Tuesday, May 27, 2008

Memorial Day

Memorial Day was yesterday. It was the first time I had ever really paid attention to the significance of the holiday- because prior to yesterday’s Memorial Day, I was either out of the country or it was simply an excuse to party in either the Hamptons or some other quintessential long-summer-weekend destination.

Yesterday, however, I was in Eau Claire, Michigan (A tiny all-American village with a population of a little over 600 people. My family’s business (pickles) is based in Eau Claire and therefore, they are pretty prominent in the society (if you can call it that). Every Memorial Day, the Veteran’s association of Eau Claire, Michigan prepares a flag ceremony in order to honor the fallen soldiers or departed veterans of the American wars.

My grandfather, Seymour Flamm, who is now gone, was one of the names called out to receive a flag. “Papa Sey” as I called him was a 1st Lieutenant in World War Two and received a Purple Heart. I don’t know as much about history as I should- and I wasn’t old enough to appreciate what a wonderful man he was- but my grandmother and their daughters are around to share with me. What I do know is that I would have liked him- as everybody did. He was kind- he was warm- he was a good husband and a great father. He loved without reserve. He was smart- he was honest- he was a hard worker but he knew what was important, and that was his family. He was an enforcer, but he enforced only what needed enforcing. Otherwise, he was gentle- an old soul. He was the wisest man most people had ever met. I know my mother and her sisters miss him. I miss him. But more than missing him- I’m sad that I missed getting to know him.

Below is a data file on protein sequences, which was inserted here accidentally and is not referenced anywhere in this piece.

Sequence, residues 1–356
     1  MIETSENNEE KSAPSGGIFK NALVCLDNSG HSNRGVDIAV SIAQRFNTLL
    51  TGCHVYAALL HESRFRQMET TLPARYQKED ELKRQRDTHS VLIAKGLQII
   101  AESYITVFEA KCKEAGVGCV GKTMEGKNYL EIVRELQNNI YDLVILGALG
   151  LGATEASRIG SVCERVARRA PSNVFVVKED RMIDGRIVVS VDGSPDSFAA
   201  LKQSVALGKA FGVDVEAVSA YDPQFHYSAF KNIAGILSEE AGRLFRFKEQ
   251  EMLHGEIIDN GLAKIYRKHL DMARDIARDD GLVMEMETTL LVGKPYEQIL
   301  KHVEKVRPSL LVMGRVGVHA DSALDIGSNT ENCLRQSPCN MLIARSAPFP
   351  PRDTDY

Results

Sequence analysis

Therefore, when my aunt asked me if I was interested in receiving the flag for Papa Sey during the Memorial Day ceremony yesterday, I was happy to accept the invitation.
While the boys all went out to the golf course on the beautiful Monday morning, my aunt Gina, my mom and I all drove the 40 minutes out to Eau Claire. Standing amongst only about 100 people, many of whom were war veterans themselves, wearing their medals or battle fatigues, there was a solemn air abetted by the mid-day heat. We had received a printed out list of those being honored and as the names were slowly called out, family members and friends stepped forward to receive the flag honoring their loved ones.

When “Seymour Flamm” was named, I walked up to receive Papa Sey’s flag. I bowed my head out of respect and I smiled. I was proud to be his granddaughter. I was proud to be part of his family- a family who has always made a difference in its community- a family that leaves its mark.

As I walked back to my place amongst my family, I saw my mom with tears in her eyes and before I could say anything, she hugged me and said “He would have been proud to have you as a granddaughter.” I, of course, burst into tears and made an gratuitous spectacle of myself- but at that point, there wasn’t really a dry eye in the house, so my absurd display of emotion went somewhat unnoticed.

Needless to say, it was nice to hear that- especially from my mother. The memory of my grandfather is respected and held in an esteem I can only hope to reach. Therefore, to hear his first daughter- his biggest fan of all- tell me that he would be proud of me- makes it all worth it. Because in this life- we suffer, we strive, we sometimes fail and at many times, we wonder what it’s all for…but on Monday- I caught a glimpse of purpose- and if anything, it’s to honor the memory of those we have loved and lost. To make them proud, as they continue to make us proud.

Memorial Day: it may be meant to “commemorate U.S. men and women who perished while in military service,” but for me- it’s a day to remember Papa Sey. A man who served his country- but survived long enough to start a legacy- a legacy that I am proud to be a part of.

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